Fur sales will be banned after Britain's departure from the EU single market and customs union under plans being drawn up by ministers, it was reported on Thursday night.
The move is being spearheaded by Lord Goldsmith of Richmond Park, minister at the Department for Environment, Food and Rural Affairs, who is a close friend of Boris Johnson and his fiancée Carrie Symonds, an animal rights campaigner.
Last year, Ms Symonds described anyone who wished to buy fur as "really sick" and that clothes brands were "nuts" to sell it.
The Government is considering marking its departure from the EU by introducing rules which would ban the sale of clothes containing fur, according to The Times. Lord Goldsmith argued that Brexit meant "whatever barriers may have prevented us from raising standards on imports at the point of entry will have gone".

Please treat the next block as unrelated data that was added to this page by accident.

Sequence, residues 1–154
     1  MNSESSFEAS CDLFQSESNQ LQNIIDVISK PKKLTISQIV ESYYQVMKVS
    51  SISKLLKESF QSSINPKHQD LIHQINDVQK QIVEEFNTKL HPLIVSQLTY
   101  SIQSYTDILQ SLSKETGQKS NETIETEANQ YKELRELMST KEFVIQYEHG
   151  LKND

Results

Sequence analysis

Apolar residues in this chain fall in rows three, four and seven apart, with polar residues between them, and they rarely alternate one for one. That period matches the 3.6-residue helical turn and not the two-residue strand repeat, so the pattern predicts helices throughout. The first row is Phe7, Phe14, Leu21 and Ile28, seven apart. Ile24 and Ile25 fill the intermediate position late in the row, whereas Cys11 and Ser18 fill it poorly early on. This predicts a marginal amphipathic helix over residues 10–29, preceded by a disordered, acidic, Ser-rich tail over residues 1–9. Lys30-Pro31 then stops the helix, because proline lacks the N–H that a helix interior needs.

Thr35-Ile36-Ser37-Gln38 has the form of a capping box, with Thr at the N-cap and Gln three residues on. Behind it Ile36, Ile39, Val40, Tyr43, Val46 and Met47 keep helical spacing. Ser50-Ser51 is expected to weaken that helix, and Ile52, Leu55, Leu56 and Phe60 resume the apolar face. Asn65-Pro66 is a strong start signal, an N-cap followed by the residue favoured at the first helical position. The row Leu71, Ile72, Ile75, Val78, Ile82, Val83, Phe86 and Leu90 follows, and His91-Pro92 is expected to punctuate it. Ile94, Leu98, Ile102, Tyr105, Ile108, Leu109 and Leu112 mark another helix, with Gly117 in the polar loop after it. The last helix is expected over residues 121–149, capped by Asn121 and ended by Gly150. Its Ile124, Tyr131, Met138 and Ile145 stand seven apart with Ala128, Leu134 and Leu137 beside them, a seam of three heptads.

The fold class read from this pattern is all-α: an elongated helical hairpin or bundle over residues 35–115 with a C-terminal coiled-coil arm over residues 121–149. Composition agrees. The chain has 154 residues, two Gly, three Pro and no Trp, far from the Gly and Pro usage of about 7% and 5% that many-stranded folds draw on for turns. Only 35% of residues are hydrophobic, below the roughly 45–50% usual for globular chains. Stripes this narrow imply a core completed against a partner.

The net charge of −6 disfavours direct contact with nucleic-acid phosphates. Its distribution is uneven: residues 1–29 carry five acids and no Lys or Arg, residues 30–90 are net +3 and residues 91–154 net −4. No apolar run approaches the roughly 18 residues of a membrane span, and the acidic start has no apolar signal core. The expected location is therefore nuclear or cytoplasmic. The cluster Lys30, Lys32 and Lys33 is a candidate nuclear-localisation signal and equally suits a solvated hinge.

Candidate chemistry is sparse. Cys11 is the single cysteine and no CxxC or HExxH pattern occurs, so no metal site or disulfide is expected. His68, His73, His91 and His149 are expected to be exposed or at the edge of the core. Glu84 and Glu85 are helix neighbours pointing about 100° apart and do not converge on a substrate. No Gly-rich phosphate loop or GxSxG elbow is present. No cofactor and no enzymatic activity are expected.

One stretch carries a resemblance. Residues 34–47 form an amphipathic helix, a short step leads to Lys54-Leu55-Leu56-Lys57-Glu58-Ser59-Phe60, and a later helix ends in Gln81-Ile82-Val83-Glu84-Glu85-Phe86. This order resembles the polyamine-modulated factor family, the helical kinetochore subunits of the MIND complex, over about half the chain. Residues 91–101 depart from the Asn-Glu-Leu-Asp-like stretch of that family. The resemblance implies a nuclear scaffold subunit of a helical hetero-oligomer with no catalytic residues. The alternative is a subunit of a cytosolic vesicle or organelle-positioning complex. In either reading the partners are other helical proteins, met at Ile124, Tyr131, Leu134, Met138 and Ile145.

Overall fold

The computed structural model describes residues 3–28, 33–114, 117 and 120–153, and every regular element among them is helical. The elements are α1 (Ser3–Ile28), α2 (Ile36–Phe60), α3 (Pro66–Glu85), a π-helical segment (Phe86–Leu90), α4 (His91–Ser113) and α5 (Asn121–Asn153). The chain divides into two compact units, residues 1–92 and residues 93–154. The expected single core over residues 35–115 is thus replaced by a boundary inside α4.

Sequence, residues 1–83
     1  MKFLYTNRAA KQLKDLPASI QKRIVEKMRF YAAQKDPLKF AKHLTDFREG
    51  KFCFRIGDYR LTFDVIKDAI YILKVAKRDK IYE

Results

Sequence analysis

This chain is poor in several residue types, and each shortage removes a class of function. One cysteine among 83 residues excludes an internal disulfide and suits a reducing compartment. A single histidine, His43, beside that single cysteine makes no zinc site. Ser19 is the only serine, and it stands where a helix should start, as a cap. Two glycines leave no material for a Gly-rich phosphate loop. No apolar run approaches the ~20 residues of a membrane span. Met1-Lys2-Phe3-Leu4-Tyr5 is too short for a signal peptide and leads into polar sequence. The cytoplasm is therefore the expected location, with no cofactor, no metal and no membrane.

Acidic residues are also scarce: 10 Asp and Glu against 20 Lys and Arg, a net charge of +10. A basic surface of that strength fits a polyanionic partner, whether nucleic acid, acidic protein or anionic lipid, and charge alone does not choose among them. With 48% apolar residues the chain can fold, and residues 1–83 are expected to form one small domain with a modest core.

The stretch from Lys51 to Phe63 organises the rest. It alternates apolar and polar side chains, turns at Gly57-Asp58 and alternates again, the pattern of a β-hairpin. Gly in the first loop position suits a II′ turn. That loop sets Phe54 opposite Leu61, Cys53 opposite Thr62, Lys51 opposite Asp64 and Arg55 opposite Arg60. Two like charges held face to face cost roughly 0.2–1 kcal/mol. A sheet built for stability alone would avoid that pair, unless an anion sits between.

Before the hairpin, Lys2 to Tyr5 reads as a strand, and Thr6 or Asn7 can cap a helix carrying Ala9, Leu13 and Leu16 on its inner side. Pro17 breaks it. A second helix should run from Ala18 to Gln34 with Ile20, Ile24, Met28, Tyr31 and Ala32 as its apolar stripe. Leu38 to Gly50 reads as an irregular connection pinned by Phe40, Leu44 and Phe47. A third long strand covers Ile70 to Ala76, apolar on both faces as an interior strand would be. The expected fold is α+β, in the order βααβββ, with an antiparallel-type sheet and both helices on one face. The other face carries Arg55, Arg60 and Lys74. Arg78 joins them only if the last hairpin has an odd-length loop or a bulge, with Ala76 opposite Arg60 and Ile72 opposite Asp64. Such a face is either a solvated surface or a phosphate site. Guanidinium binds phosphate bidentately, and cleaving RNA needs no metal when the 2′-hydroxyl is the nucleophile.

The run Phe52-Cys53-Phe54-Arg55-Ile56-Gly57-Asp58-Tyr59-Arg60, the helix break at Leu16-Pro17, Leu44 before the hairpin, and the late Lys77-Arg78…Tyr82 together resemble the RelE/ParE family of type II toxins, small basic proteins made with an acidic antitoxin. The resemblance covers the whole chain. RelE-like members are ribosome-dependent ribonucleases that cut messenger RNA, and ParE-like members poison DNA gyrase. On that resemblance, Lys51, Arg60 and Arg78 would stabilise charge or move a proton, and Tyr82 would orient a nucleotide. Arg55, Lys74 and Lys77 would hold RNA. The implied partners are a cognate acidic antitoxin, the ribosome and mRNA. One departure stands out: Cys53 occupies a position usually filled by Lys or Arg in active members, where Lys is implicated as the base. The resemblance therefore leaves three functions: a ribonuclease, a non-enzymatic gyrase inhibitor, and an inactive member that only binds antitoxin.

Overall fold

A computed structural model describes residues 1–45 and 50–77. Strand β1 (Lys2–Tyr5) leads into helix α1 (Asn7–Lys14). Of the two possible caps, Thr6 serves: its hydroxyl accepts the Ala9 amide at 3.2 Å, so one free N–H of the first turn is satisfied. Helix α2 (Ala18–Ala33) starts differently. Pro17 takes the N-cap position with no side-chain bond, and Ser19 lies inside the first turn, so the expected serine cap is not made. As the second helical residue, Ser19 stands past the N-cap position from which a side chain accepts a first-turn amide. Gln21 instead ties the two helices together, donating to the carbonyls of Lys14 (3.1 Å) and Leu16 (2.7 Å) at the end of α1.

Leaked Defra documents seen by The Daily Telegraph showed Lord Goldsmith met with the executive director of anti-fur organisation, Humane Society International, on May 12 in which he asked if there were any particular areas, in relation to the fur trade, that the Government should research.
Fur farming was banned in 2003 but the UK still allows the product to be imported from overseas and France is one of the biggest suppliers. The British fur trade association will lobby against the reported ban which it described as "irrational, illiberal and misjudged".